NEWS
07. Dezember 2007

CHOCOLATE and SAUERKRAUT (2) - Wine Underground

Heute geht es im American Guest Blog von Sabrina Small in den Untergrund: Wine Underground ...

Wine is cool, at least I think it is, but wine events are usually not that cool. Some have the tone of hushed reverence, more of a wine church than a place to talk and taste and experience the pleasures of alcohol. Other events are so crowded with people trying to mooch free wine that they seem more like Las Vegas buffets than an actual wine tasting. Standing next to a group of Midwestern women in oversized sweatshirts and baseball caps while they ask for another sample of “the sweet wine,” does not put me in a good mood. I much prefer an underground affair with people that really love wine but also know how to have a good time.

Saturday night, at the Bockbierbrauerei in Kreuzeberg, six floors underground the wine event of my wildest dreams took place. It was organized by Viniculture and the winemakers in attendance were from a loose coalition known as Sudpfalz Connexion. There were 30 different wines to taste, a dj spinning Afro beat and soul music, and crisp flammkuchen to munch on. For 5 euros, you could visit Stuart Pigott in a bunker, marvel at his head to toe patent leather, taste wines from his personal collection and help Berliner Aidshilfe at the same time.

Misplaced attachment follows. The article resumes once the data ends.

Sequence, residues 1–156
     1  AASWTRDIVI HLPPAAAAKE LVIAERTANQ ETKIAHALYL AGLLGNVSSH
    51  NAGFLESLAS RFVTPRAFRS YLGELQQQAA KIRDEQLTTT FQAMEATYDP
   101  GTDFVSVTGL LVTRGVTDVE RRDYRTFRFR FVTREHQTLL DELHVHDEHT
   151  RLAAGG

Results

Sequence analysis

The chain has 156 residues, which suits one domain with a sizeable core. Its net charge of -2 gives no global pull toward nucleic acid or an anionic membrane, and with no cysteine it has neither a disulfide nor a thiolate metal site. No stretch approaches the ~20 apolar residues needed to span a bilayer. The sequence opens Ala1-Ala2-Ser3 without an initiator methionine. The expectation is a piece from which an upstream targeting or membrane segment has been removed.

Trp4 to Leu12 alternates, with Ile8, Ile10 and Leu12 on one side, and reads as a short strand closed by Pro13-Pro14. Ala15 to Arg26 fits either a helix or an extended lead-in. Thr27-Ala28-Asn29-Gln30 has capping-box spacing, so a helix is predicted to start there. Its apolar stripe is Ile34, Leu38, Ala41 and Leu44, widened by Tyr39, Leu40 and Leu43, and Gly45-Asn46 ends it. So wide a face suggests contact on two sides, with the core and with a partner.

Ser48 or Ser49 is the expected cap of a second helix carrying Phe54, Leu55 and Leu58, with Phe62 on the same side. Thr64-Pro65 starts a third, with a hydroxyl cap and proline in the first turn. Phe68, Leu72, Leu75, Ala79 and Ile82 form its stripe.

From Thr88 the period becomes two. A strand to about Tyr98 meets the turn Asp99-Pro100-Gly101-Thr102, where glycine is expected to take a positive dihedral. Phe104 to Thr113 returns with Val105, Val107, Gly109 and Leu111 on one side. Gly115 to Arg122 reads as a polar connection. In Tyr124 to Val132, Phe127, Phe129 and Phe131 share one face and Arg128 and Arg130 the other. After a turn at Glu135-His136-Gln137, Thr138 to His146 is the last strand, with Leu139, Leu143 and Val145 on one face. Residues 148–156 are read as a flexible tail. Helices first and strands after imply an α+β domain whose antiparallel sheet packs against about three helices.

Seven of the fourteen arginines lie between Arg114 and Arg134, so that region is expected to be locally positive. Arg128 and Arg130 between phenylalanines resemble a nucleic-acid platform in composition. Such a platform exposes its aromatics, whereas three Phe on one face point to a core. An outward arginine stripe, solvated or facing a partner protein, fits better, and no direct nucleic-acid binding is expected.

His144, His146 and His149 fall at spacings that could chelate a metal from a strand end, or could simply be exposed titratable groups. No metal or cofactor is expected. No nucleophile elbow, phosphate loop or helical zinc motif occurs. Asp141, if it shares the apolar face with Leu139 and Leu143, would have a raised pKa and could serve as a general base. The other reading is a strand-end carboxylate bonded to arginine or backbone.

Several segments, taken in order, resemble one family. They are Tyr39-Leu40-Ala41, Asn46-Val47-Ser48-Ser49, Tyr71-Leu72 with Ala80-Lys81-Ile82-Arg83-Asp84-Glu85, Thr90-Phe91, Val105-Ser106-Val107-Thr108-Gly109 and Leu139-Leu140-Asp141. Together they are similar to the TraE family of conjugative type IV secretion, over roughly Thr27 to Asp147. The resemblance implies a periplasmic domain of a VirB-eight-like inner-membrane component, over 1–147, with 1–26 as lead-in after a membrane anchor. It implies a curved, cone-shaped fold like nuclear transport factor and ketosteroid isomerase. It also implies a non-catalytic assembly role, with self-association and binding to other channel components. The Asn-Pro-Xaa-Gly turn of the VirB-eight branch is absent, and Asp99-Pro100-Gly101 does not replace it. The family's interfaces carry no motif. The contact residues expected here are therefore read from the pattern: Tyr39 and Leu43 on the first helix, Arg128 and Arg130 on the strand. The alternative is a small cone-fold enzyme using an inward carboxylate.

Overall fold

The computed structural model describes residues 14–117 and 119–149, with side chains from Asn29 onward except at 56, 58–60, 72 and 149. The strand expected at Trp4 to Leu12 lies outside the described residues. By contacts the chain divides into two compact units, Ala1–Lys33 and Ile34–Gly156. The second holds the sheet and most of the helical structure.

The first wine I tasted was a 2006 Scheu Riesling-Sekt. It was full of popcorn, strawberries and tangy little bubbles. Next, I was on to the 2006 Gies-Duppel Riesling Rotliegendes—one of those whites that made me absolutely starving the second I took a sip. So I waited in line and was delighted by the pairing of dry mineral-rich Riesling with the salty, creamy and smoky ham flavors of the flammkuchen.

The enormous wine cellar was lit by plenty of small iridescent lights, casting a rainbow glow on the wide stone columns that led to vaulted ceilings. People sat on wine crates or stood around industrial strength heaters dispersed throughout the room. On the central wall, a video instillation depicted a very baroque table set with lobster, champagne, and tulips. Every ten minutes or so, a giant chandelier would crash onto this video still-life and the room would crackle with the sound of breaking crystal—a fantastic sound to be sure, and the destruction of such a pompous gastronomic table reinforced the feeling that here underground, we were all part of the new wine revolution.

The night raved on and I began to loose track of Spatburgunders and Grauer Burgunders but the music was right and people started to dance, wine swilling in their glasses, cigarettes hanging off their fingers. We were a motley crew of wine revelers and the dance styles displayed everything from 80’s post-punk pogo style, to salsa moves, to ass shaking funk. At four in the morning the party finally died down and I began to get an inkling of what my head would feel like the next day.

On the walk home, I tried to figure out what it is about cellars that make people less inhibited. Why was it that all the best parties I’ve ever been to were underground? At least for the Viniculture party, I think the dark cellar environment was the perfect foil for dissuading the ultra stuffy wine snobs from joining. Let them drink their wine on sunny Tuscan terraces; I’ll take mine where the sun don’t shine.

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